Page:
I hope you all have enjoyed this game at least half as much as I have! – Coach Sean Tobin.


52nd Reggio Emilia Tournament: KAMSKY OFF TO A GOOD START!

December 29, 2009

Kamsky is off to a good start at the 52nd edition of Reggio Emilia with a win in round one.

*Fabiano Caruana – Although he grew up in the states he is actually representing Italy so the American flag by his name is actually not the correct flag to be attached to his name – my chessbase was using older “player data” when I made this table.  Once upon a time I got a draw against young Caruna in a World Open Side event – long ago – when he was a little kid rated almost 2000 USCF!

Interestingly enough all three decisive games were won by the player with the Black pieces – always a good sign for each of these players!  Now if they can just “cash in” their games with the White pieces…   Down below you will find the results from round one.

[Event “52nd It”][Site “Reggio Emilia ITA”][Date “2009.12.28”][Round “1”]
[White “Vocaturo, D.”][Black “Kamsky, G.”][Result “0-1”][ECO “B42”]
[White Elo “2500”][Black Elo “2695”][Ply Count “100”][Event Date “2009.12.28”]

1. e4 c5 2. Nf3 e6 3. d4 cxd4 4. Nxd4 a6 5. Bd3 Ne7 {Paulsen variation of the Sicilian Defense – a more positional or strategical treatment as opposed to some other highly aggressive and tactical variation – like let us say the Najdorf Sicilian.} 6. O-O Ng6 7. Kh1 Bc5 8. Nb3 Ba7 9. f4 Nc6 10. Qe2 O-O 11. Be3 d6 12. N1d2 Re8 13. a4 Qc7 14. c3 Bd7 15. Bxa7 Nxa7 16. g3 Rad8 17. h4

Exchanging off the dark Squared Bishop seems a little off to me and White’s 17. h4 seems quite a bit too loosening.  Risky for sure against a solid player like Kamsky – who in this position has the safer King.

17.  …Nf8 18. Kh2 Nc8 19. a5 Re7 20. Nf3 e5 21. f5 d5 22. Nfd2 dxe4 23. Nxe4 f6 24. g4 Bc6 25. g5

The V-man has gone all in against Kamsky – so I give him full credit for his aggressive intentions.  However playing over this game leaves one with the impression that Kamsky saw many moves further ahead of his adversary.  Kamsky’s endgame is phenomenal too so you really do need to be able to see what will happen very far off in the “distance” against Gata.  Even after his long lay off this is one aspect of his game that has not gotten weak.  The only chink in Gata’s armor is his opening repertoire right now and the more he plays the tighter this facet of his game will become.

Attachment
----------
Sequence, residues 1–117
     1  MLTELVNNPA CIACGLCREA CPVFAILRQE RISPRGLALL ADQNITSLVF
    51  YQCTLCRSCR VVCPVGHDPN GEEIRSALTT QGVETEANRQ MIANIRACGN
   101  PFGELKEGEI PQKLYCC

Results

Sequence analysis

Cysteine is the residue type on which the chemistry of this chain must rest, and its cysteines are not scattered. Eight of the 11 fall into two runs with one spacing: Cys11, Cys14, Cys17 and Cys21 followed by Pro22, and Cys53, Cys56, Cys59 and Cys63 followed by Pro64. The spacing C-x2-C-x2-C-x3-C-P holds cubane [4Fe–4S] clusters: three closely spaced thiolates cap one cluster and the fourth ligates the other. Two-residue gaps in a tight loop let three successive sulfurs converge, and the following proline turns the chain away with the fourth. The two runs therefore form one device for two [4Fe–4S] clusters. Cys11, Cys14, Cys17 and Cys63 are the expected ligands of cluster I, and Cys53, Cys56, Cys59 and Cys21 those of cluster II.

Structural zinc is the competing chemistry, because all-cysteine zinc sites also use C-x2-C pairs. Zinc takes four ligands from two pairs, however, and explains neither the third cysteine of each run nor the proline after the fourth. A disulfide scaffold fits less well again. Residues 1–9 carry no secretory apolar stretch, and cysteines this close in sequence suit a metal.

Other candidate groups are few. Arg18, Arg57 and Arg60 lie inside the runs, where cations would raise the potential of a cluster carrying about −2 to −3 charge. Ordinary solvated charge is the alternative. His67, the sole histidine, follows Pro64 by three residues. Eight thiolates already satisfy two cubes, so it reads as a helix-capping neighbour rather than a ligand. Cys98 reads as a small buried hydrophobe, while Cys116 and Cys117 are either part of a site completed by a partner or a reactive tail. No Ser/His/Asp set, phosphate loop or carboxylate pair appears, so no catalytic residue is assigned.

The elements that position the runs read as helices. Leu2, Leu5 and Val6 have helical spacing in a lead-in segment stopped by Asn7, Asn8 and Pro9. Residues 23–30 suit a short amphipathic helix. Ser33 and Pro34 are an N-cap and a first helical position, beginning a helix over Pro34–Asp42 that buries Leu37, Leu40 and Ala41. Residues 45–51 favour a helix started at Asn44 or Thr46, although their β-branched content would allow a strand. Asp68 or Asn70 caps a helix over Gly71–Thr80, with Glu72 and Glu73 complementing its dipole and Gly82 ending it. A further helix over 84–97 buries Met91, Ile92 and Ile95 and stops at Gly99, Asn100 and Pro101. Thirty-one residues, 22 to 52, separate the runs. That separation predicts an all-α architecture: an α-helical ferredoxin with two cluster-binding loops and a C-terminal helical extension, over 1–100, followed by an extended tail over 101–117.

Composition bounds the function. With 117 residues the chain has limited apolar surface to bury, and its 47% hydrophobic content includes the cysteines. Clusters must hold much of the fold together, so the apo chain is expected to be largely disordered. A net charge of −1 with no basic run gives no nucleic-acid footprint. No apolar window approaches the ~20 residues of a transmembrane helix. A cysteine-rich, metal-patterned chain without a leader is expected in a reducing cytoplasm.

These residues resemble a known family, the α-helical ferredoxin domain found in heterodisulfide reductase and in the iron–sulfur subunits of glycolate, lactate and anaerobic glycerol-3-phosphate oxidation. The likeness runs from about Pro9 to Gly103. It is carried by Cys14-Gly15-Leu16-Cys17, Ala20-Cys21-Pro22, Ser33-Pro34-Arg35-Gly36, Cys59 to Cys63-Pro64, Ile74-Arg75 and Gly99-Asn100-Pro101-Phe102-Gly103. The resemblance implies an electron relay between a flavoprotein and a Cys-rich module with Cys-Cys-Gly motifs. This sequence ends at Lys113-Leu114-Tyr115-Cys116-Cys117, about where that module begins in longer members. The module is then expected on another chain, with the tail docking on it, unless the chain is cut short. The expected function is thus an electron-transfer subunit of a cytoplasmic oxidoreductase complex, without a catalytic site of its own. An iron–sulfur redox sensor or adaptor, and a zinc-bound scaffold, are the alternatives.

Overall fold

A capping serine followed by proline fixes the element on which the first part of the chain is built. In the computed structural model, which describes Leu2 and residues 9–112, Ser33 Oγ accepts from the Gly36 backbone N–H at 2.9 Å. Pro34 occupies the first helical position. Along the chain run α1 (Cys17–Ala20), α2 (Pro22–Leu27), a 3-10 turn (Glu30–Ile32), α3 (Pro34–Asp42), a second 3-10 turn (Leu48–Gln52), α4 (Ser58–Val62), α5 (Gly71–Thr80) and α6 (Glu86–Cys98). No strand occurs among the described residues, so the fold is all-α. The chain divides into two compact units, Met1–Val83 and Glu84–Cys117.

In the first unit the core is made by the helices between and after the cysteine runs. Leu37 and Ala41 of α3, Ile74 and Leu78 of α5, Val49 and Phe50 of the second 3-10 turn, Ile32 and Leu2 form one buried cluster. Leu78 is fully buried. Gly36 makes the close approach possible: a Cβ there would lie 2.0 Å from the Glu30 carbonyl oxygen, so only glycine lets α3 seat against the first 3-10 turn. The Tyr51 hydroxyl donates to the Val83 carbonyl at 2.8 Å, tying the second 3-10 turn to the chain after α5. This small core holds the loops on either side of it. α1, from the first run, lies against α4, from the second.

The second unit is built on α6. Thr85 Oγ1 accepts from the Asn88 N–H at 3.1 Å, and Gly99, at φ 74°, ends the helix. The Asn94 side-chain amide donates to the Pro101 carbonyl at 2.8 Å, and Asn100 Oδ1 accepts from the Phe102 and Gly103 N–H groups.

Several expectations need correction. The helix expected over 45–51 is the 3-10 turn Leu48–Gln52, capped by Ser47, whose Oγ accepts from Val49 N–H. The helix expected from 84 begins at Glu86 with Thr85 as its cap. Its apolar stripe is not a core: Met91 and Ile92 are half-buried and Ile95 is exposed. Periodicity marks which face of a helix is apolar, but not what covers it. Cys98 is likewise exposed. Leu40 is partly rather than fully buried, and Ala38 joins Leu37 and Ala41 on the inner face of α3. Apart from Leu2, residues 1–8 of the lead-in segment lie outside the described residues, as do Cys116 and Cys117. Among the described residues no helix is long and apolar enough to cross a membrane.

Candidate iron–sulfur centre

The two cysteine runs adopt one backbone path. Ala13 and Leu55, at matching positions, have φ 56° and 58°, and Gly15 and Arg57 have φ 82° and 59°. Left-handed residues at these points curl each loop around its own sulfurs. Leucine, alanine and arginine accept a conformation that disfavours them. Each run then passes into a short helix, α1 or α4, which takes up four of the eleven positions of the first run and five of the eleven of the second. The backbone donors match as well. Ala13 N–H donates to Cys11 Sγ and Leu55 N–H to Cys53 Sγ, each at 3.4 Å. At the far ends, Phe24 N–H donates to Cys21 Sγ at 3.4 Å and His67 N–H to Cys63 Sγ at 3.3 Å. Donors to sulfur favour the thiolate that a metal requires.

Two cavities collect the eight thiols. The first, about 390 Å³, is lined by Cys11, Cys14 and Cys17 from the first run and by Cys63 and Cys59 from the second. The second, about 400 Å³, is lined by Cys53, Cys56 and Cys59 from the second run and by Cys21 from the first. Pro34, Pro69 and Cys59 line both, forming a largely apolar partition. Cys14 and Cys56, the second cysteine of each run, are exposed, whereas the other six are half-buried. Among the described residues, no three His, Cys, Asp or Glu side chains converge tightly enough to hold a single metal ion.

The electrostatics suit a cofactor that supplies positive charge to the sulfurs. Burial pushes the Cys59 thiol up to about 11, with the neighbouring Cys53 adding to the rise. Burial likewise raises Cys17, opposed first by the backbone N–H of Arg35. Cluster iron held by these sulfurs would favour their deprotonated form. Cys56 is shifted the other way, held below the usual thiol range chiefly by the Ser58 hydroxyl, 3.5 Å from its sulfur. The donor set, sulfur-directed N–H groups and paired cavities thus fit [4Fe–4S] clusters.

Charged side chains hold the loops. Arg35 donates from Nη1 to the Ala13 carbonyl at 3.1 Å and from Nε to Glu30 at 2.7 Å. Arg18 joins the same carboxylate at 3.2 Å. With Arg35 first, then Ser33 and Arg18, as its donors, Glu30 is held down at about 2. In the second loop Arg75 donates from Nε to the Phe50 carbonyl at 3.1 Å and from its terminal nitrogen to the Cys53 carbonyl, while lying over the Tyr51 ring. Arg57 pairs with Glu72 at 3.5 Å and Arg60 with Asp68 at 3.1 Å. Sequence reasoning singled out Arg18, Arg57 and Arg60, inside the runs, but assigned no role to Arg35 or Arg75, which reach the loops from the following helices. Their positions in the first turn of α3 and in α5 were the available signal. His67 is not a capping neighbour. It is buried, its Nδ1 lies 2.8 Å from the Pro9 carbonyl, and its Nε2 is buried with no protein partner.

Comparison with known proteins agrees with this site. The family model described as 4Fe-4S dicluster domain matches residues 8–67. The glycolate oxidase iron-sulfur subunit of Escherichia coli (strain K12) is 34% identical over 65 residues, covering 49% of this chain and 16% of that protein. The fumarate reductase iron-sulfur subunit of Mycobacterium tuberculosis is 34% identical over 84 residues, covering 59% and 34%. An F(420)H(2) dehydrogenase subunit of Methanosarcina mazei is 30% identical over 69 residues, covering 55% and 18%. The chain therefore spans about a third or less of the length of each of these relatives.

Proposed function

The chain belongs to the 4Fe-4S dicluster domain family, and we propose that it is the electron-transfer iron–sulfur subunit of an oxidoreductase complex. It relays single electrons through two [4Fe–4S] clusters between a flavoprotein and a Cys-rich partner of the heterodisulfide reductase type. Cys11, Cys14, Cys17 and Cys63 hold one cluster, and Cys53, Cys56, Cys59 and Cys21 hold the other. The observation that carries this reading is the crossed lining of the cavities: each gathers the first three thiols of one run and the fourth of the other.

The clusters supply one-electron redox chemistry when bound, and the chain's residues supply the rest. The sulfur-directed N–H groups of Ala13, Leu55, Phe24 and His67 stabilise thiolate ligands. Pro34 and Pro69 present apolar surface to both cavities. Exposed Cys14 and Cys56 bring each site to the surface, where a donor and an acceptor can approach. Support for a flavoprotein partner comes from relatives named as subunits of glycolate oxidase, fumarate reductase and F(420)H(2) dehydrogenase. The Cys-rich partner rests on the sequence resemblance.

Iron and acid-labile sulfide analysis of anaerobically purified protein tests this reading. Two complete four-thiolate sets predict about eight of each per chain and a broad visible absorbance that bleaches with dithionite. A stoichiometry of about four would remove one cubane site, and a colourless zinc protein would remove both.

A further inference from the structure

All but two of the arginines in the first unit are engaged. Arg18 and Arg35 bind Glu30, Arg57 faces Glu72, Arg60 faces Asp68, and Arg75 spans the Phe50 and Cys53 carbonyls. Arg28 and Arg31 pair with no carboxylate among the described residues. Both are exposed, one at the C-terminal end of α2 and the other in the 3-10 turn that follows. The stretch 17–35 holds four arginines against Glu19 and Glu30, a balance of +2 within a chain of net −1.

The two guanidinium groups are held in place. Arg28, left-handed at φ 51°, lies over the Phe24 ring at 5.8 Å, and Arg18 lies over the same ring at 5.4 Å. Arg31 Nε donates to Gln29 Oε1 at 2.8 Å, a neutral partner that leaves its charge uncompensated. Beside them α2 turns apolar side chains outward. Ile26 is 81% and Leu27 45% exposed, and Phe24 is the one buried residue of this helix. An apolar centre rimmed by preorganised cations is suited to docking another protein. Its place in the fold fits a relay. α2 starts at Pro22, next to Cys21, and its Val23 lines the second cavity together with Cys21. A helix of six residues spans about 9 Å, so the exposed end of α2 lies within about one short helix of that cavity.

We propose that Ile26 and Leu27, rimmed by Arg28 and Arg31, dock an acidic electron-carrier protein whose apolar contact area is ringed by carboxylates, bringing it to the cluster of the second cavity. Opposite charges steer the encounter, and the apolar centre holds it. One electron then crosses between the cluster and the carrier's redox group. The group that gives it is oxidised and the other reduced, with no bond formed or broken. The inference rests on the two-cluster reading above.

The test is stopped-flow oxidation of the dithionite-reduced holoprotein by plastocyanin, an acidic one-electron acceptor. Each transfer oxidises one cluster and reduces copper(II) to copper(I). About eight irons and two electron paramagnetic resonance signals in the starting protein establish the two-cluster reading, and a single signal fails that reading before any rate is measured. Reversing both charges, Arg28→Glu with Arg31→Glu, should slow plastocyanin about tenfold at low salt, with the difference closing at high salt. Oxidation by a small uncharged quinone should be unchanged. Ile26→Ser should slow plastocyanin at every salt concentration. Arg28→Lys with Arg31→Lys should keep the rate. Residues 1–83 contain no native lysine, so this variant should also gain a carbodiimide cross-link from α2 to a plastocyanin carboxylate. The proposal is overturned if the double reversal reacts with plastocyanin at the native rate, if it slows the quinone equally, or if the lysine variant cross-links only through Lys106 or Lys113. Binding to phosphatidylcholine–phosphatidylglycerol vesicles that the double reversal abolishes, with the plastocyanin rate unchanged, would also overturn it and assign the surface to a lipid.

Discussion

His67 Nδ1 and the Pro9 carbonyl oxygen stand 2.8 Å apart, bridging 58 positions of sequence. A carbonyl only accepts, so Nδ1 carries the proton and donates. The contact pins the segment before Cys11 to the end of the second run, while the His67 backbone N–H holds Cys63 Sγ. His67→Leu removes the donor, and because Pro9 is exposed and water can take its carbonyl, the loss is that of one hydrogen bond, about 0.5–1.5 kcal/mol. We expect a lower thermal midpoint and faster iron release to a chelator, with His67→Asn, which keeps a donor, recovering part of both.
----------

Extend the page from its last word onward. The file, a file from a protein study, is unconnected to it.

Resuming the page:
25. …Nd7 26. Rad1 Kh8 27. Rd2 Ree8 28. Rfd1 Ne7 29. Qg4 Nd5 30. Rg1 Rf8 31. Rg3 Nf4 32. Bc2 Bxe4 33. Bxe4 fxg5 34. hxg5 Nc5 35. Rxd8 Rxd8 36. Nxc5 Qxc5 37. Qf3 Qxa5 38. Rg1 Qb6 39. b4 Rd2+ 40. Kh1 Qd8 41. Bb1 Ne2 42. f6 Nxg1 43. fxg7+ Kxg7 44. Qf5 Nf3 45. Qxh7+ Kf8 46. Qh8+ Ke7 47. Qf6+ Kd7 48. Qxf3 Kc7 49. Be4 Qxg5 50. Bxb7 Qh4+ 0-1

Clearly a game all about “depth of calculation” – Kamsky just saw much further into the possibilities than did his opponent.  Of course this is only round one and the rest of the tournament yet remains.  The two players I would like to see battle it out for first in this event are Kamsky and Caruana.  I would prefer Kamsky over Caruana – not that I have anything against Fabiano.  It is just that I have been following Kamsky for quite a while now and would like to see him get back into the World Championship mix and a good result in this fine Italian tournament would be a good step forward, in that direction, for him.


Here lines like 51. Kg1 Qe1 + 52. Qf1 Qxf1 + 53. Kxf1 Kxb7 just leaves Kamsky up a whole Rook with a totally won endgame.  In such an overwhelming position checkmate does not loom far off so Mr. Vocaturo threw in the towel.

For excellent coverage of this event please visit:________________

_____or visit the organizers website at:::::::::::::::::::::::::::::::::::::::::::——>

I don’t know about you but I am most certainly looking forward to round two!  Go Kamsky and Caruana!!

– Coach Sean Tobin.